Iconographic Buddha: How Teachings, Traditions, and Invasions Led to Transition in Buddhist Art

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Before the invasion of Alexander the Great, and the coming of the Greco-Buddhist era, Buddhist artwork didn’t actually feature the Buddha. The earliest Buddhist artwork, from before the 1st century of the common era, used a style of divine art called acinonism. Acinonism is art which doesn’t show material beings or human forms, but rather symbols. For instance, the Buddha may be pictured through an empty throne or a dharma wheel.

However, as mentioned, when Alexander the Great invaded the East, a new era arrived; the Hellenistic East. Greeks travelled to Asia to learn of Buddhist cultures, and Buddhist monks were also known to travel to Greece for similar reasons. This cultural exchange led to many things, but one in particular was the personification of the Buddha.

In the acinonical age, art found in places such as Amaravati told the story of the Buddha through symbols. His mother, Maya, dreamt of an elephant entering her womb before he was born, and this event was recorded in art as a divine elephant. The birth of the Buddha was depicted as a lotus, which is a profound and sacred Buddhist symbol, and could also relate to the story of lotuses cushioning his feet as the Buddha walked to his mother after birth.

The interesting thing is that this art didn’t lack human forms. The Buddha’s mother, his friends, worshippers, brahma Gods and more were all seen in human form. Is there a reason why the Buddha was never pictured until later centuries? Was it prohibited?

Yes and no, is the answer, because different teachings say different things, but the most popular canon is taken from the Kāliṅga-Bodhi-Jātaka. The Buddha is asked if relics can be made of him when he is away from the temple, for followers to give their offerings to. One of the three relics is of the body – of his visage – and, at the time, the Buddha rejected this, as this was for Buddhas who had reached parinibbāna: the state of nirvana that came after death.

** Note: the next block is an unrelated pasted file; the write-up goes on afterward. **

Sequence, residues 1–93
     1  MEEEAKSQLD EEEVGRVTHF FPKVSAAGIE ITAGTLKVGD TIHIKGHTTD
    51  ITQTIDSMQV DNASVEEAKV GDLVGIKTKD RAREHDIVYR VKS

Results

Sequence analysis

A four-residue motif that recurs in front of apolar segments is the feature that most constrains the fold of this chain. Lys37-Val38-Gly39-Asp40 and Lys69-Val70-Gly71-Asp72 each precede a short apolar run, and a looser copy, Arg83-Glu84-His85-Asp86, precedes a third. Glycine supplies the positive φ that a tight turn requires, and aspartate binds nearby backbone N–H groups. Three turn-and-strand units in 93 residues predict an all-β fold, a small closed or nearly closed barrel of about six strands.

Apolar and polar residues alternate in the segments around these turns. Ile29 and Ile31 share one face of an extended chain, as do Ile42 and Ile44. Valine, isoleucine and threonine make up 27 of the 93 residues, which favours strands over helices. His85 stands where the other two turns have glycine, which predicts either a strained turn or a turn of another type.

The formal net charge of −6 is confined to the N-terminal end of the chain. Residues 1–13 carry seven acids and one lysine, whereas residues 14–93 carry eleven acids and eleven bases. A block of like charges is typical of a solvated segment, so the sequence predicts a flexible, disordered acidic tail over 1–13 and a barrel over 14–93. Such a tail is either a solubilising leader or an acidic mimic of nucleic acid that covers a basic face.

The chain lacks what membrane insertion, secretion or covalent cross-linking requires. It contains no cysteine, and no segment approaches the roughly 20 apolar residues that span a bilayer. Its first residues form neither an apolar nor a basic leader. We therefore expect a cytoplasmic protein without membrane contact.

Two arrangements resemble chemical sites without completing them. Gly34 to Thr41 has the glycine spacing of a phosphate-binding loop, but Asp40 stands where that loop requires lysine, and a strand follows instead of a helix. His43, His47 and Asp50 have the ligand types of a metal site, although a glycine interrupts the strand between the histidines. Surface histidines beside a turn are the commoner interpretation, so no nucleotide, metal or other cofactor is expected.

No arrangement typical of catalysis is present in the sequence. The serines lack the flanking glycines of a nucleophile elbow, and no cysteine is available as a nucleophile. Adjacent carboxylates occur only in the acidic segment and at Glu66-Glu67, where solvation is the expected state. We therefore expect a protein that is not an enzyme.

Now, if you look at the dates of when the Buddha was thought to move on from this life, and when Alexander the Great began his invasion of Asia, we can begin to understand why the Greeks (who were fans of anthromorphic iconography) invading marked the beginning of Buddha statues as we know. Alexander the Great began invading Asia in 334 BCE. The Buddha was thought to pass on from this life somewhere around 400 BCE.

Now, here’s the extra fun part. The thing is, while we can make reference to acinonism in early Buddhism before the Buddha had left this earth, and we can make reference to how the Greco-Buddhist era introduced iconographing the Buddha, these things are debated between scholars! As you’ll read in one of the sources below, if you choose to, one writer even added a whole appendix to their work explaining aconical Buddhist art, saying that the term is not even applicable to the subject because of the clear canon by which the Buddha states his visage may be used after parinibbāna, and as history tells us, it was.

The exact origin of Buddha statues is even debated. While it’s generally accepted that the Greco-Buddhist era played it’s part in the cultivation of such art (as the Greeks were big on iconography, and brought this with them), there are a few locations credited to the origins of these new artistic creations, namely Gandhara and Mathura, in modern day Pakistan and India, respectively.

All in all, the history of the transition from non-human icons, like the lotus and the wheel, may be debated from source to source, but when we look closely at the teachings and theories, each holds it’s truth. The Buddha did not want his visage used as a relic while alive because he did not believe that worship and learning should take place in the imagination. However, he saw the need for it once he had moved on. It just so happens that, within a century of his death, the Greeks were making their way through Asia. With a love for iconography, and ambivalence towards Buddhism, they may indeed have influenced the cultivation of such art as it began being created for the first time.

Sources:

The Buddha Image: Its Origin and Development by Yuvraj Krishan, Kalpana K. Tadikonda [ via books.google.co.uk ]

The Lotus Symbol: Its Meaning in Buddhist Art and Philosophy by William E. Ward [ via jstor.org ]

Early Buddhist Art and the Theory of Acinonism by S. L. Huntington [via encyclopediaofbuddhism.org ]

When the Greeks Converted the Buddha: Asymmetrical Transfers of Knowledge in Indo-Greek Cultures by Georgios T. Halkias [ via brill.com ]

Elements of Buddhist Iconography by Ananda Kentish Coomaraswamy [ via turiya.vidya.hu ]

Greco-Buddhist Art by Unknown [ via hellinicaworld.com ]

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